Why is nas variable necessary?

(duncan muriithi) #1

I have found the ‘nas’ variable twice. Why is it necessary?

df_trn, y_trn, nas = proc_df(df_raw, 'SalePrice', subset=30000, na_dict=nas)
X_train, _ = split_vals(df_trn, 20000)
y_train, _ = split_vals(y_trn, 20000)'


df, y, nas = proc_df(df_raw, 'SalePrice')

I am trying to understand what is the use for ‘nas’

Thanks in advance.

(Vinay Shashank) #2

I think nas is just to identify what variables had missing values and what value it is replaced with.

{'auctioneerID': 2.0, 'MachineHoursCurrentMeter': 0.0}

Key has the column name and value has the filler ( which in this case I think is the median of that column)

(Buddhi De Seram) #3

When you use the proc_df function. It finds numerical columns that have missing values and creates an additional boolean column as well as replacing the missing with medians. It also converts categorical objects to integer codes.

Assuming the model has been trained with a different set of data or a subset of data.
In either of the validation or training set, that same numerical column might not have missing values hence it will not create this additional boolean column when passed through proc_df resulting in an error when passed through the model. Also if it did have missing values, the median value it replaces it with might be different as its a different set of data which in turn will process it into something which has a different semantics.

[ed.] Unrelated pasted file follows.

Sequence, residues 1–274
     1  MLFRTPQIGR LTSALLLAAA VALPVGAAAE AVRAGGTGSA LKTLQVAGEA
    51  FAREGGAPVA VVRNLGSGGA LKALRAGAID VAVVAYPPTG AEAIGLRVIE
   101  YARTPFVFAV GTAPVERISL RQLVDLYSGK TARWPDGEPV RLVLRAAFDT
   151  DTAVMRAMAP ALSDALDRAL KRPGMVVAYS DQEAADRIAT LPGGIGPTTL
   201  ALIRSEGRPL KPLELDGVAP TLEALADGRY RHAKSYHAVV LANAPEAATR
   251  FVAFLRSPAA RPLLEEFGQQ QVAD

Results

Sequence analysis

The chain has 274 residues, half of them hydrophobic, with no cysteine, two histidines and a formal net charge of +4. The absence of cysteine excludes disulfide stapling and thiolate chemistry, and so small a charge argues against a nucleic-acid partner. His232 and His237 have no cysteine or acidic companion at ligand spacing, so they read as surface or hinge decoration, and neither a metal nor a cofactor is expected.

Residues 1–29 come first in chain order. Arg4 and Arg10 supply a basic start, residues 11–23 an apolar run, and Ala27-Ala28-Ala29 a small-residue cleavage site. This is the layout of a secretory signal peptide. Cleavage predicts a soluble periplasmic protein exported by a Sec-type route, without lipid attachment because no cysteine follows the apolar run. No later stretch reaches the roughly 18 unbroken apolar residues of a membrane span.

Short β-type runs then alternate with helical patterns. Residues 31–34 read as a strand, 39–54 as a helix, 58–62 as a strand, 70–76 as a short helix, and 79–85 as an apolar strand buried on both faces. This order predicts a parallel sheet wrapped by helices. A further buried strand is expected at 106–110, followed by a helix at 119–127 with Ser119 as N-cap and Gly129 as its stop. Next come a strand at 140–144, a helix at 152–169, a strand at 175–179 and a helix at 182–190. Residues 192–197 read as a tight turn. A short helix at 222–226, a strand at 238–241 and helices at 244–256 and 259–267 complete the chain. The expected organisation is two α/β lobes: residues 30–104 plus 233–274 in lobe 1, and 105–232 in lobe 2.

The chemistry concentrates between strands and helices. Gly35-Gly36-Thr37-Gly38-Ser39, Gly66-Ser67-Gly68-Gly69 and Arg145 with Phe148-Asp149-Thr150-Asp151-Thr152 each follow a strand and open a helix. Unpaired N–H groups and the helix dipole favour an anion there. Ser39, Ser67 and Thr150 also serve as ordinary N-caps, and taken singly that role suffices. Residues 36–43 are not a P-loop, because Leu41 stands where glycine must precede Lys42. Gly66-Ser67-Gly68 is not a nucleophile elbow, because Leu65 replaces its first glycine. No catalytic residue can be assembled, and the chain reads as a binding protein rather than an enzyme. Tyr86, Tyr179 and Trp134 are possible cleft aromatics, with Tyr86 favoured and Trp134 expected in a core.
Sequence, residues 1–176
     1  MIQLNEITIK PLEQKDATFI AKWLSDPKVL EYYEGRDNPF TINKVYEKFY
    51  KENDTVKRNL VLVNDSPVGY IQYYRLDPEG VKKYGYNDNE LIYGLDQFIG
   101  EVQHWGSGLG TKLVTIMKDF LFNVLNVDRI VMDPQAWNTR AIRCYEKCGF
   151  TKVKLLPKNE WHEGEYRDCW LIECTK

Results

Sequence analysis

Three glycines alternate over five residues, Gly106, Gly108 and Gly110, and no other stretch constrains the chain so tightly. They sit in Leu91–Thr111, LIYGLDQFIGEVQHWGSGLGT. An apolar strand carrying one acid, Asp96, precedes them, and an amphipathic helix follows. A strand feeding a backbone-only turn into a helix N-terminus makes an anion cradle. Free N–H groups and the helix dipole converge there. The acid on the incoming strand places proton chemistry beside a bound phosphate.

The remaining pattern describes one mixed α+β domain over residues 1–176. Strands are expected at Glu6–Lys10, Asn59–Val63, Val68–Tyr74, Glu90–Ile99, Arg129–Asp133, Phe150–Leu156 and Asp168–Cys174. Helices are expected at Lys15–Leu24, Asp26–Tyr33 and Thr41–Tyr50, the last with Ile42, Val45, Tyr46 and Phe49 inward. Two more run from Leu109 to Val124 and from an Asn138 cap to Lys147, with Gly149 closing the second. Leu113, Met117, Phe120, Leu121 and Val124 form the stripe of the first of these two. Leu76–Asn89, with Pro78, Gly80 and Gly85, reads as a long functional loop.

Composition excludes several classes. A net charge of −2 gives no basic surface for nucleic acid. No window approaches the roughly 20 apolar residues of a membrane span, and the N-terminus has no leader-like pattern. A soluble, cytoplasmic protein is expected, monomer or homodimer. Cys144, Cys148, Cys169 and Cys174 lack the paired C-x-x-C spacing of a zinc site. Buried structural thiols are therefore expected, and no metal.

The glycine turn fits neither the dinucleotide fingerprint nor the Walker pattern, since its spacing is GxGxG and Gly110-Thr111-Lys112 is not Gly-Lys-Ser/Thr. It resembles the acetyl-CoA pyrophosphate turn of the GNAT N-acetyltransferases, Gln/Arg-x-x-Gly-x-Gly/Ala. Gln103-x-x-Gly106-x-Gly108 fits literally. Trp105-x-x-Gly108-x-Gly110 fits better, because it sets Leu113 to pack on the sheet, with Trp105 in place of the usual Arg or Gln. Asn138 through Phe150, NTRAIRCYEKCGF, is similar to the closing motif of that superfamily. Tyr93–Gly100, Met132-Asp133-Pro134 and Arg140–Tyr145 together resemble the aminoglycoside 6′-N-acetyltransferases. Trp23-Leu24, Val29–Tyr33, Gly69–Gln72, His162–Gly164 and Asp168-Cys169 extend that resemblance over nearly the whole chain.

So the additional variable ‘nas’ is used as a dictionary whose keys are the names of the columns that had missing values and the value in the dictionary is the median. So when training a different set of data, ‘nas’ can be passed through into proc_df as an argument to make sure those specific columns are made and the missing values are replaced with the same median.

Leakage through fix_missing() in proc_df() function?
(duncan muriithi) #4

Thanks for taking your time to reply. I appreciate.

(duncan muriithi) #5

Got it. This well explained and I have understood. Thanks so much


Hello pls how do i apply proc_df on my test data

(duncan muriithi) #7

There is now an additional return variable nas from proc_df which is a dictionary whose keys are the names of the columns that had missing values, and the values of the dictionary are the medians. Optionally, you can pass nas to proc_df as an argument to make sure that it adds those specific columns and uses those specific medians:

df, y, nas = proc_df(df_raw, 'SalePrice', nas)

This answer is well illustrated here

(duncan muriithi) #8

Also @Buddhi’s explanation tackles your question.Check it out.


Hi all,

While trying to implement a quick random forest classifier in the titanic kaggle competition, I ran into an error when using proc_df on my test set.

Proc_df created a 'Fare_na' column, which was not in my train set when I initially fitted my model. Therefore, when I ran m.predict on my test set, I gave me an error because it add an extra feature.

Wouldn’t the normal behavior of proc_df be not to create additional na columns for the test set ? Or am I doing something wrong ?

(duncan muriithi) #10